“Xanadu” will roller skate off into the sunset next month, with the Broadway tuner setting a closing date of Oct. 12.

Well reviewed but never a big box office draw, the musical is the first casualty to be announced during the Street’s traditional September downturn.

Last week, in a frame when sales for most shows picked up a bit, the weekly tally for “Xanadu” fell by nearly $95,000 to $166,695. Drop was largely attributable to the departure of Whoopi Goldberg, who finished her limited engagement with the musical on Sept. 7.

Tuner, which has not yet recouped its capitalization costs of between $4 million and $5 million, has so far grossed $16.8 million since it began Rialto perfs in May 2007 ahead of its July 10, 2007, opening.

Weekly sales rarely topped the $300,000 mark after its first summer on the boards, with the show’s highest tally, about $460,000, coming during the November 2007 stagehands strike that darkened most other shows on the Rialto.

Property will continue to generate revenue in future productions, including one planned for November at the La Jolla Playhouse (whose a.d., Christopher Ashley, helmed “Xanadu”) and then a six-month stint at Chicago’s Drury Lane, to be followed by a national tour. A Korean production opened recently, and a London staging (co-produced by David Ian and John Gore) is in the works, as are incarnations in China, Australia and the Philippines.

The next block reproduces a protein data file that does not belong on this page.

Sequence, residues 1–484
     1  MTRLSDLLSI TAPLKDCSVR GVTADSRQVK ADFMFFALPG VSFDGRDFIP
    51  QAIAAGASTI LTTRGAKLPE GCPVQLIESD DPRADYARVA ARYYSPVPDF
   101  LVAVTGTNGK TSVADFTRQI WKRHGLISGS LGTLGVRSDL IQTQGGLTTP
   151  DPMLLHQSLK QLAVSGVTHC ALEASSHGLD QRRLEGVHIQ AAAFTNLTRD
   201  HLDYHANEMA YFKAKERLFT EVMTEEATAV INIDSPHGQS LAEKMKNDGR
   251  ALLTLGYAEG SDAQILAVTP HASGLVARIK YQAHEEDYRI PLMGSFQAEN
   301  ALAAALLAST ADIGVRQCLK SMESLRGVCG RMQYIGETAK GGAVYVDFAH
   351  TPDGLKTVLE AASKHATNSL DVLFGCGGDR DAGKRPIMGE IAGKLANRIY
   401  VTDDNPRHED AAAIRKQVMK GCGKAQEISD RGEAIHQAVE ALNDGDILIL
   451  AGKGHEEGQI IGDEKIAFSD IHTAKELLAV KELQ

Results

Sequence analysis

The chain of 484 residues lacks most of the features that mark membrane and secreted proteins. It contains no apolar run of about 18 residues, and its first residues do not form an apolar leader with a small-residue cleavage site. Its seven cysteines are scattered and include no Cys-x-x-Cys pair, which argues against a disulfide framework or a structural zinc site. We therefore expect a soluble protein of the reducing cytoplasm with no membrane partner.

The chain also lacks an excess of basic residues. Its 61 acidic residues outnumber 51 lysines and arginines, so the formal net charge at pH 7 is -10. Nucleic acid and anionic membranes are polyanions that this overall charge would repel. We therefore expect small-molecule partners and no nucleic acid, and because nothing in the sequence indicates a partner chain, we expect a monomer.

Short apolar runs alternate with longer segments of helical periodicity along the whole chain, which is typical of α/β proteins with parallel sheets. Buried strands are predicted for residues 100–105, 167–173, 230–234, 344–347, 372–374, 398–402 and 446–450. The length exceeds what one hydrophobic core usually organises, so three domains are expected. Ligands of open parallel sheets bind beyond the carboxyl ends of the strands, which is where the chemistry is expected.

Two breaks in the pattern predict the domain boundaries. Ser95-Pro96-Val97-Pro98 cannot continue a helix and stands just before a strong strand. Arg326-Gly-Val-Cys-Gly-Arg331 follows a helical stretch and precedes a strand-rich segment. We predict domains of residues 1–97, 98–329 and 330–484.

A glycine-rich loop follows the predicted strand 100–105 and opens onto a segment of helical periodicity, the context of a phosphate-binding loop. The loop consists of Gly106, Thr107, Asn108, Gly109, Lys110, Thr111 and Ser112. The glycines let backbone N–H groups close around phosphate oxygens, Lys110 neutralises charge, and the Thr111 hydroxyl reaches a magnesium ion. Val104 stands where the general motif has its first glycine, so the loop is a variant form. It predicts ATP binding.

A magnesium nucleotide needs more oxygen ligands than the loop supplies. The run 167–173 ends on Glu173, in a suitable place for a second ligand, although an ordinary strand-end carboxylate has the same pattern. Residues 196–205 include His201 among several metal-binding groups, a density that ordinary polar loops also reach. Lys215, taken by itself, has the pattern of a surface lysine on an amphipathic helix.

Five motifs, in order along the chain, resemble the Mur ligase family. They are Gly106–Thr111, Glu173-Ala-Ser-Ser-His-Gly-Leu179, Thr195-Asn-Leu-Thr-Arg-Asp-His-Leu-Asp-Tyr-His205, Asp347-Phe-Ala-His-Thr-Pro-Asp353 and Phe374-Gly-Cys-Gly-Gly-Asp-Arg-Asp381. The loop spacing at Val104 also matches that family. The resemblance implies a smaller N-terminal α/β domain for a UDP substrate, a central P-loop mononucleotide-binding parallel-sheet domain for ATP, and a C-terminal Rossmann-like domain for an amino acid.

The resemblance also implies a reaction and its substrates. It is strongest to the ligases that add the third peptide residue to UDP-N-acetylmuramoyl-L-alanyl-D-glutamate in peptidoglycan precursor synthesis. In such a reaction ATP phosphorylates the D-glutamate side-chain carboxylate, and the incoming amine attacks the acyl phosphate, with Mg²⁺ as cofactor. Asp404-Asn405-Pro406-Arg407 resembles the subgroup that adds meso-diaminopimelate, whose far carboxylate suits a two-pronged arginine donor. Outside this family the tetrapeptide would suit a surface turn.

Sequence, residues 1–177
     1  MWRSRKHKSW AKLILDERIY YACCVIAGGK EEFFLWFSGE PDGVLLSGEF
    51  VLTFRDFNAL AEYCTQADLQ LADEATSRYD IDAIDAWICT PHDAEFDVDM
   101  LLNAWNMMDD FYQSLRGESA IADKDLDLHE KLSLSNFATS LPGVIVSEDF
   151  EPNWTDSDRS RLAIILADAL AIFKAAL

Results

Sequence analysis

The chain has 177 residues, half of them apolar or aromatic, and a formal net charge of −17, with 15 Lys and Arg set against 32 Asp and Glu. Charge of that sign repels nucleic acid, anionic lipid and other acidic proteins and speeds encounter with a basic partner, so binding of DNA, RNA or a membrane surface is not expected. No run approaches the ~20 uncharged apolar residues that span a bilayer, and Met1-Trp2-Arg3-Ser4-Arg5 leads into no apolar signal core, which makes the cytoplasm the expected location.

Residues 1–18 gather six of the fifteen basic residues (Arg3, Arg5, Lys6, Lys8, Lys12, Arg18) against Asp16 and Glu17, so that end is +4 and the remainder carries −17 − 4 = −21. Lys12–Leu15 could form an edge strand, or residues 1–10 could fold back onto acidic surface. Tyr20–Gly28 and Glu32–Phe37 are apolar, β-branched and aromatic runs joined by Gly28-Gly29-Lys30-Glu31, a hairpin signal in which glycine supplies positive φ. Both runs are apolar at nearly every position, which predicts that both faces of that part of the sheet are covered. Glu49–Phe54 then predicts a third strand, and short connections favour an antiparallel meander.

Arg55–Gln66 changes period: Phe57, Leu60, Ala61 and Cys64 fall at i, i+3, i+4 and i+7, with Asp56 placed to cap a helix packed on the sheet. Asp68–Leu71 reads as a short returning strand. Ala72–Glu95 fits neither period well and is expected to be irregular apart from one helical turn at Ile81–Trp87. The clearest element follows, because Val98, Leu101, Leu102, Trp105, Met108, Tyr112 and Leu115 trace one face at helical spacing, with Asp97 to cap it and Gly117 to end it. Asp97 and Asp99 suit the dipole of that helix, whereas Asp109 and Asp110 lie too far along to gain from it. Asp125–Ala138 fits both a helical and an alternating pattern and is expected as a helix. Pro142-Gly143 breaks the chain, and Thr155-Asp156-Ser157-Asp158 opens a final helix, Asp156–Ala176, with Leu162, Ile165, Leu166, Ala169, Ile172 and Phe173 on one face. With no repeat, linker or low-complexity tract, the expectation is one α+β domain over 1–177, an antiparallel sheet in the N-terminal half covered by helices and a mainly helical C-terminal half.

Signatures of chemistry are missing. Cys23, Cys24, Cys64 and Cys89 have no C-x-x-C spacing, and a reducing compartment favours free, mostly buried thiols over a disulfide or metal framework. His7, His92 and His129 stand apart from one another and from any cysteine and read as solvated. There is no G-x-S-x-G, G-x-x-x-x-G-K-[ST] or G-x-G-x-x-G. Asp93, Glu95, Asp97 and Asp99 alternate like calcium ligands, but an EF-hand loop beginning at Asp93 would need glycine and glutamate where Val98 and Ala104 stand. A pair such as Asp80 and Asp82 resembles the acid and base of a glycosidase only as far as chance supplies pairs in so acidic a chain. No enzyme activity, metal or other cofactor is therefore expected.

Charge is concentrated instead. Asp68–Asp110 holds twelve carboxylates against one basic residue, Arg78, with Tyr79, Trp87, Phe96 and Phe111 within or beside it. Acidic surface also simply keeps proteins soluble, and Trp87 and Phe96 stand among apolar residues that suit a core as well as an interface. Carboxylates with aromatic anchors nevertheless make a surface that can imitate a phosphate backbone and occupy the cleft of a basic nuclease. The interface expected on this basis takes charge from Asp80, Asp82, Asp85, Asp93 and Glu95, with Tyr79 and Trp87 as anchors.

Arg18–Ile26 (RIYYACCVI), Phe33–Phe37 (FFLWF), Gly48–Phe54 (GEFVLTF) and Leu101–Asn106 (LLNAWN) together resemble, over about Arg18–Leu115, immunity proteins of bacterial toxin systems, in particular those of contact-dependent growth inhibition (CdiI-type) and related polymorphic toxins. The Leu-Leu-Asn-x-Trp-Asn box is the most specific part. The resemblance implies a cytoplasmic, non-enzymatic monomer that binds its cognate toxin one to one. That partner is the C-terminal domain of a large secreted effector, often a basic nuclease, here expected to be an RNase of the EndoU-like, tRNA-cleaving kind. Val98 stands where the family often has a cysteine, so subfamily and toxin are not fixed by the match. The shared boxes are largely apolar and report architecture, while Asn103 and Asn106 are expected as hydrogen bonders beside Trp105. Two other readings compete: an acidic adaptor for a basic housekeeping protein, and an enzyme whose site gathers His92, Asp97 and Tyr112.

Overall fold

A spoof of the notorious 1980 roller disco flop that starred Olivia Newton-John, “Xanadu” overcame dismissive pre-opening buzz to garner strong press, a group of ardent fans and four Tony noms. In the spring the show picked up an Outer Critics award for tuner and a Drama Desk for book writer Douglas Carter Beane (“The Little Dog Laughed”).

Score is comprised of tunes from the pic by Jeff Lynne and John Farrar.

Cast is toplined by Kerry Butler and Cheyenne Jackson, who stepped in during the preview period when original cast member James Carpinello was forced to withdraw due to a skate-related injury. Ensemble also features Jackie Hoffman, Mary Testa and Tony Roberts.

Rob Ahrens leads a producing team made up mostly of Broadway tyros, including Tara Smith, B. Swibel, Dan Vickery, Cari Smulyan, Dale Smith and Sara Murchison.

By the time it closes at the Helen Hayes Theater, “Xanadu” will have played 528 perfs plus 49 previews. The Hayes is set to be purchased by Off Broadway’s Second Stage, although the org won’t begin programming in the venue until 2010.